I’m not sure when Christian St-Hilaire aka Riff Through Time was born or what his top five favorite albums but I’m willing to bet most of his influences came out of the ‘80 and maybe some from the late ‘70s.
The biggest give away is the lead guitar solos on his recent self-titled album Riff Through Time. Within the first minute of the title I started to have an idea of what I was in for. The tone of the guitar, the way he bends it. It’s that lead guitar that has a lot of origins in Pink Floyd and then taken and slightly manipulated by myriad of rock bands all throughout the ‘80s.
The lead guitar isn’t the only element that has an ‘80s vibe. “To Rock And To Roll” has an undeniable prog rock vibe that harks back to Rush and many other rock bands from that era. St-Hilaire follows a couple of familiar tropes such as when he sings “to rock / to rock / to roll” at the three-minute mark. “Go Easy On Me” has a slightly different vibe from the first two songs. Soft rock/pop is an appropriate label here.
“Overdriven” is a high-energy rock song with a slew of power chord progression while “Caring About Your Love” is a fairly straightforward rock song. However on “For You” St-Hilaire breaks out an acoustic and pulls off a more nostalgic, emotionally resonant song. I really enjoyed his vocals on this song. His voice soars at points.
“Grey” also veers away from the rock sound that came before. He utilizes a couple synths, which give the song an atmospheric borderline new age vibe. After the three-minute mark the song picks up some energy and does rock a bit more while not losing the essence of the beginning of the track. “Get a Life” goes into metal territory. It reminded me of early Metallica. He closes with “The Child Inside” which is a grandiose song in the spirit of Queensryche.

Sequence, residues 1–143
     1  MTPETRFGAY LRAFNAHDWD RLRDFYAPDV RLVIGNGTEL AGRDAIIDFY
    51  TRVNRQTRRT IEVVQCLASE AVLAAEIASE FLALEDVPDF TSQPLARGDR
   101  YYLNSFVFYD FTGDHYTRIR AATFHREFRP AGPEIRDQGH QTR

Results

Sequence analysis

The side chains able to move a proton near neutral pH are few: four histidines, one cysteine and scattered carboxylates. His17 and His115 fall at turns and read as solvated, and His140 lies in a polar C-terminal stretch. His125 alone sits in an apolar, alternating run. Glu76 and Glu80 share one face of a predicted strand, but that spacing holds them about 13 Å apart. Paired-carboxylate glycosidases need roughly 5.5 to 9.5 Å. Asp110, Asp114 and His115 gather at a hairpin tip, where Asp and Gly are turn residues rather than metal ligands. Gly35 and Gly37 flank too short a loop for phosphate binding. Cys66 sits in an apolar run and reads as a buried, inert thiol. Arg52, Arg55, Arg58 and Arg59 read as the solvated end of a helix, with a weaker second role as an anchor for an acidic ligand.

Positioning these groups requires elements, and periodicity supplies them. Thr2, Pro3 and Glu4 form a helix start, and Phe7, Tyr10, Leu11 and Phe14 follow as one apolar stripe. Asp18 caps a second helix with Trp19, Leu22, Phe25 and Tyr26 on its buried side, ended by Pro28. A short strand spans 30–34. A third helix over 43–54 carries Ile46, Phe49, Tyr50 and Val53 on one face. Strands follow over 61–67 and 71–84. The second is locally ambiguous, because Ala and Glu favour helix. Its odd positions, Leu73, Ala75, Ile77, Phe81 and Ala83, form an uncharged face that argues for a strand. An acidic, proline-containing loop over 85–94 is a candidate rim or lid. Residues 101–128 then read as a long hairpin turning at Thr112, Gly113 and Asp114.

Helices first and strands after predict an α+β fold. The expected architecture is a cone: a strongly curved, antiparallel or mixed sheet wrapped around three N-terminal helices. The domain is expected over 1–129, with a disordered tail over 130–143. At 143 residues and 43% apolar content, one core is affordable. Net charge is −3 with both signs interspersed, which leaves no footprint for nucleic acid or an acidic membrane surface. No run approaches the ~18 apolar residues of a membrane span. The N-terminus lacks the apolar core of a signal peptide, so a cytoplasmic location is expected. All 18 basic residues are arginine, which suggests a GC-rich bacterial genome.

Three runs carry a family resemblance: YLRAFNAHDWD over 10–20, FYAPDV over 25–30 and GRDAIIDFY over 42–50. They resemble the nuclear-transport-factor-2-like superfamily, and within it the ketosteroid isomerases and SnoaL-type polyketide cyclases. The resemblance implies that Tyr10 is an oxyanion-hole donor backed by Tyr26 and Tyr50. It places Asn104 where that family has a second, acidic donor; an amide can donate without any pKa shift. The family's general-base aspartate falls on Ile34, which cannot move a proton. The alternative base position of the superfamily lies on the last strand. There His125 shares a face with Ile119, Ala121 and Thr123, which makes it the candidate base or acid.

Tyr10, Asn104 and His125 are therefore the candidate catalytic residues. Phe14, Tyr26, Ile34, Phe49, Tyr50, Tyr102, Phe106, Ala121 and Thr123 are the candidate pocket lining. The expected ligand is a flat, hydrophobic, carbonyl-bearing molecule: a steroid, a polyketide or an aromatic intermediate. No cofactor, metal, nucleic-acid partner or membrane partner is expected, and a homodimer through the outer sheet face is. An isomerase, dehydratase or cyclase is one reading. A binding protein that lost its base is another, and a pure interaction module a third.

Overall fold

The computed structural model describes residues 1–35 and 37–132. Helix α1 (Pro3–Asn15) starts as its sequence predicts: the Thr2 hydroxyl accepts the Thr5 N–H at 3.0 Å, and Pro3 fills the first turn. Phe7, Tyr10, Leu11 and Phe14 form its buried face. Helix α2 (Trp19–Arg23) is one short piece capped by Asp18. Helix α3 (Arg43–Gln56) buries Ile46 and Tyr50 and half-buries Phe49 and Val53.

St-Hilaire certainly plays with a lot of different ideas on this album. After the second half you can’t help but think it feels a bit scattered. The juxtaposition between a song like “Get a Life” and “For You” feels like two different bands. Even though Riff Through Time could be more cohesive as a whole the album is full of inspired moments. The production is exceptional and the songwriting is consistently solid if sometimes predictable.
Truth be told this music will resonate with most people above a certain age. This is not the type of music that millennials are jamming out to at the moment. Anyone above the age of 35 will most likely have a greater appreciation for the music on Riff Through Time. That being said if you are under 35 I encourage you to check this out anyway.
We are dedicated to informing the public about the different types of independent music that is available for your listening pleasure as well as giving the artist a professional critique from a seasoned music geek. We critique a wide variety of niche genres like experimental, IDM, electronic, ambient, shoegaze and much more.
Are you one of our faithful visitors who enjoys our website? Like us on Facebook